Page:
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Study: St. John’s Wort Interferes With Chemotherapy (dateline January 11, 2003)

St. John’s Wort, a popular over-the-counter herbal remedy used to treat depression, appears to interfere with chemotherapy, decreasing the effectiveness of the cancer treatment, according to a recent report in the Journal of the National Cancer Institute. In the study, St. John’s Wort weakened the effect of the common chemotherapy drug irinotecan. The study underscores the importance of communication between patients and physicians and also shows that herbal remedies may have adverse effects, particularly when combined with other treatments.

St. John’s Wort (botanical name, hypericum perforatum) is an herbal supplement sold without a prescription in the United States. It has been used to treat mild to moderate depression and other conditions including anxiety, stomach upset, insomnia, fluid retention, and hemorrhoids. Common side effects to St. John’s Wort include increased skin sensitivity to sunlight, rash, a feeling of fullness in the stomach, and constipation. There are no solid data to suggest that St. John’s Wort is clinically effective at treating depression, though studies at the National Institute of Mental Health and other agencies are currently underway to help better understand the herbal remedy.

Since St. John’s Wort has been suggested to interfere with chemotherapy, Alex Sparreboom, PhD and colleagues from Erasmus MC–Daniel den Hoed Cancer Center in Rotterdam, The Netherlands, studied the effect of St. John’s Wort in patients treated with the chemotherapy drug irinotecan. Irinotecan (brand names, Camptosar, Camptothecan-11, CPT-11) is a common chemotherapy drug used to treat several types of cancer, including colon cancer and some lymphomas.

The five cancer patients in the study were randomly assigned to receive either St. John’s Wort with chemotherapy or no additional herbal treatment. Dr. Sparreboom and his team then measured the blood levels of the chemotherapy drug irinotecan in all patients after treatment. The result: in patients who received St. John’s Wort in addition to chemotherapy, the amount of irinotecan in the blood was reduced by 42%. Thus, St. John’s Wort prevented these patients from receiving adequate amount of the chemotherapy drug to effectively treat their cancer.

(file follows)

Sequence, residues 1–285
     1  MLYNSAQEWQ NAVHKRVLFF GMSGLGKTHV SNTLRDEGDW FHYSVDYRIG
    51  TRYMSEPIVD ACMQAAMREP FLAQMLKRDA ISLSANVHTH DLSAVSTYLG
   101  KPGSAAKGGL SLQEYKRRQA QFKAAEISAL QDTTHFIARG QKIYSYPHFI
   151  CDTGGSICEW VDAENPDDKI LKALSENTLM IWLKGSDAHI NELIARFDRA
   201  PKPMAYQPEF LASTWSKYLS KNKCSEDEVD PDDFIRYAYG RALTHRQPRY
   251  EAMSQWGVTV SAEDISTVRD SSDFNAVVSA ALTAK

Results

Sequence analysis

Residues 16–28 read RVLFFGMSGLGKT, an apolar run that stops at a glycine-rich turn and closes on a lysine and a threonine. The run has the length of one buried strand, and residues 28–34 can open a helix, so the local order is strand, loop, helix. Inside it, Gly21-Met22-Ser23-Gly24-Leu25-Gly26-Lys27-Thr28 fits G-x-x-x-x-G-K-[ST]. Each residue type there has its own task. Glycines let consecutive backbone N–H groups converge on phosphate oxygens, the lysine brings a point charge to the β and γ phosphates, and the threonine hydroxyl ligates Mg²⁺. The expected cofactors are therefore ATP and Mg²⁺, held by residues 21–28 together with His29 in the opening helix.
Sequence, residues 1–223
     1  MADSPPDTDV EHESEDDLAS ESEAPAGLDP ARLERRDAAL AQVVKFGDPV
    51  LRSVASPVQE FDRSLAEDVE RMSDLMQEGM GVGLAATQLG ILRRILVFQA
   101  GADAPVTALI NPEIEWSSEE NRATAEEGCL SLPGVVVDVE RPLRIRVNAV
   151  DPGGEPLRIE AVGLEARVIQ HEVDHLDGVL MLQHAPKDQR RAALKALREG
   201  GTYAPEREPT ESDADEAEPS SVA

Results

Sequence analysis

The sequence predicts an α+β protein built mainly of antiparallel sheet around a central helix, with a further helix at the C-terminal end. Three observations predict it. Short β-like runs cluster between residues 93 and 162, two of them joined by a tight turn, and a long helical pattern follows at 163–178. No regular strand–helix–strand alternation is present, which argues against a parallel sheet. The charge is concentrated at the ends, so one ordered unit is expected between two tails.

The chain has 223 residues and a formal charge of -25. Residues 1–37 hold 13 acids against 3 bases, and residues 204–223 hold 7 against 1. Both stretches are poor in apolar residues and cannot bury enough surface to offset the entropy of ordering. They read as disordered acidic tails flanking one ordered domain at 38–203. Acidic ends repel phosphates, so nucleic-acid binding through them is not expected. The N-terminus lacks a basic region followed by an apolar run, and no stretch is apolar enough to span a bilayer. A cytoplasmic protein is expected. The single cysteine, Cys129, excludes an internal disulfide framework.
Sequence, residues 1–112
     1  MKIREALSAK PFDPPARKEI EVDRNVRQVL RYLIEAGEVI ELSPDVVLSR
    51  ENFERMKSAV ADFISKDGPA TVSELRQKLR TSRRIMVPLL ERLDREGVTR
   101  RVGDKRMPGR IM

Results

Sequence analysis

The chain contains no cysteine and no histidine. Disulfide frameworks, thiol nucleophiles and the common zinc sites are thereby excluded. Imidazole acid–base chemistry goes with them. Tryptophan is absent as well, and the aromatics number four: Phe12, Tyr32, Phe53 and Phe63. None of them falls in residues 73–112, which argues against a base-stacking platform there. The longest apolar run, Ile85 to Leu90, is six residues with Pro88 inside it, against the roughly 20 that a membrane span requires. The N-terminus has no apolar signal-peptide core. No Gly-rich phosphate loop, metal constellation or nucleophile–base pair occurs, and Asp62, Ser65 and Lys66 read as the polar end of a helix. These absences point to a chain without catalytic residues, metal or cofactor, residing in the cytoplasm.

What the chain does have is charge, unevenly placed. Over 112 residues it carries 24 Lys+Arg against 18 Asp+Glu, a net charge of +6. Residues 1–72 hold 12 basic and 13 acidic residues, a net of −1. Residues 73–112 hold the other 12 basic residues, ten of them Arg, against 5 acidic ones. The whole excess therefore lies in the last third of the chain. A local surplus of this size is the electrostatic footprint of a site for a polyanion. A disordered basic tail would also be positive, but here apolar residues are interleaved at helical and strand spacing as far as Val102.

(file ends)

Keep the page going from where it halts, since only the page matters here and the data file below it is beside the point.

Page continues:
St. John’s Wort is thought to interfere with chemotherapy by increasing the levels of certain enzymes in the body. Since chemotherapy drugs such as irinotecan are processed by the same enzymes, the cancer drugs become processed more quickly than normal when St. John’s Wort is also in the patient’s system. Thus, Dr. Sparreboom and his colleagues recommend that until further data are available on St. John’s Wort, patients should not take the herb if they are receiving chemotherapy with irinotecan.

The American Cancer Society reports that ginkgo, ginseng, garlic, and kava can also change the way in which patients respond to treatments with diuretics, blood-thinners, and tranquilizers. In addition, St. John’s Wort has also been found to interfere with drugs used to treat patients with HIV and those receiving organ transplants. Patients have become resistant to treatment or actually rejected transplants due to St. John’s Wort, according to an editorial by Patrick J. Mansky, MD, and Stephen E. Straus, MD, of the National Center for Complementary and Alternative Medicine. The editorial was also published in the Journal of the National Cancer Institute.

Alternative and complementary medicines have become increasingly popular in recent years. Though some herbal or "natural" treatments can be beneficial, it is important for patients to realize that not all alternative or complementary medicines are safe. Patients who are considering non-traditional medicines should thoroughly investigate the therapy and consult with their physicians or alternative medicine practitioners to make sure the therapy is safe and will not interact with other medicines they may be taking.

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